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Re: Rewrite Program Using Arrays

by mbethke (Hermit)
on Mar 25, 2012 at 16:28 UTC ( #961501=note: print w/replies, xml ) Need Help??

in reply to Rewrite Program Using Arrays

Pushing data around from one array to the other is very unlikely to make things faster, probably the opposite. One thing you could so is write foreach my $word (split $line) to avoid the extra array, but this is something I suspect the Perl compiler might optimize all by itself already, you have top try whether it makes a difference. hashDescend() as a simple code block would probably be slightly faster, but other than that there's little room for optimization as far as I can see. Is this really too slow for your job?

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Re^2: Rewrite Program Using Arrays
by perl.j (Pilgrim) on Mar 25, 2012 at 20:54 UTC
    I know it might not make it faster, but it's still a learning experience... Can you tell me how to do it?

      Well, you could get rid of your loop by using map, but my benchmark shows no gain there. Eliminating some intermediate variables does speed things up, though. If you get rid of @words and $word completely, you'll gain some time, regardless of which looping method you use:

      #!/usr/bin/env perl use Modern::Perl; use Benchmark qw(:all); # create a line with words and spaces to split on my $line = ''; $line .= ('a', 'b', 'c', 'd', ' ')[rand(5)] for (1..1000); cmpthese( 100000, { 'loop with vars' => \&loopwithvars, 'loop sans vars' => \&loopsansvars, 'with map' => \&withmap, }); sub loopwithvars { my %wordcount; my @words = split ' ', $line; for my $word (@words){ $wordcount{$word}++; } } sub loopsansvars { my %wordcount; for (split ' ', $line){ $wordcount{$_}++; } } sub withmap { my %wordcount; map { $wordcount{$_}++ } split ' ', $line; } ###### results ###### Rate loop with vars with map loop sans vars loop with vars 11338/s -- -15% -17% with map 13369/s 18% -- -2% loop sans vars 13624/s 20% 2% --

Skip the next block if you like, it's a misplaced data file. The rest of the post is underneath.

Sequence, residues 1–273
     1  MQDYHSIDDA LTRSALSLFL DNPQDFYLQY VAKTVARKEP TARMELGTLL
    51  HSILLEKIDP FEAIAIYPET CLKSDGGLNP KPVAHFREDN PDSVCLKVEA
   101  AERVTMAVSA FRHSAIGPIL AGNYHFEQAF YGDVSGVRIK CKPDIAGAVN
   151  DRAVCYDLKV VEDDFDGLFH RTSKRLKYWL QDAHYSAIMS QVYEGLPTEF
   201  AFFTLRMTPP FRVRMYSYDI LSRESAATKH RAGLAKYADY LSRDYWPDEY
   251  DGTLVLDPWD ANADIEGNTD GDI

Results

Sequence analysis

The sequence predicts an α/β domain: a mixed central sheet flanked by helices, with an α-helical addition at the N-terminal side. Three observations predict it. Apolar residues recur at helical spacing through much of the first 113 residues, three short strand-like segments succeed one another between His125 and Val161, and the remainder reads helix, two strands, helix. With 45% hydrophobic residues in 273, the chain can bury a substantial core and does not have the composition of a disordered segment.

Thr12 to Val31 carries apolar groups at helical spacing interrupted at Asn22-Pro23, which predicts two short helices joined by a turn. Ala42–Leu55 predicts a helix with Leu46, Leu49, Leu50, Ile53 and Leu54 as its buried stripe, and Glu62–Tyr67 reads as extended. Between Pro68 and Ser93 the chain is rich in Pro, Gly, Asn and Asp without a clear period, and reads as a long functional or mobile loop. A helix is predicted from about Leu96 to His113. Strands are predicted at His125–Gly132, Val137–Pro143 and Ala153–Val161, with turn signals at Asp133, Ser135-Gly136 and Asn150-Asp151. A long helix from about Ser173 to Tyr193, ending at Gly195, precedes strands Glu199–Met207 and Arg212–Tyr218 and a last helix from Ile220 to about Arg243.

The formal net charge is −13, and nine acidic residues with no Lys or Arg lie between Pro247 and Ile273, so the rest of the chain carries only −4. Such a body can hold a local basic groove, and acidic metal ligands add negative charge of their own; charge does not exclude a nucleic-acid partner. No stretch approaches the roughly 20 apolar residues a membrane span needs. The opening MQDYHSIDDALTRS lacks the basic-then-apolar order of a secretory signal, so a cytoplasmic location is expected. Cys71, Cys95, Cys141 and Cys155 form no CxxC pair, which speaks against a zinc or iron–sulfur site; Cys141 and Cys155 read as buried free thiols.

Aaron B.
      My Woefully Neglected Blog, where I occasionally mention Perl.

        Get rid of a scope, use preinc instead of postinc.

        sub ikegami { my %wordcount; ++$wordcount{$_} for split ' ', $line; }
                          Rate loop with vars      with map loop sans vars       ikegami
        loop with vars  8324/s             --          -19%           -20%          -22%
        with map       10241/s            23%            --            -1%           -4%
        loop sans vars 10370/s            25%            1%             --           -3%
        ikegami        10666/s            28%            4%             3%            --

        (Post-increment in void context is optimised to pre-increment, but it's not in void context in "with map".)

      Hm, I suppose you meant something like this:
      my @globalarray; foreach my $filename (@ARGV) { open my $fh, '<', $filename or die "$filename: $!"; my @temparray = <$fh>; push @globalarray, @temparray; close $fh; }
      Guess you could learn the use of "push", that's about the only thing. It's used to append a scalar or a whole list to the end of an array. "pop" does the opposite and takes one scalar off. shift and unshift work the same, just on the start of the array.

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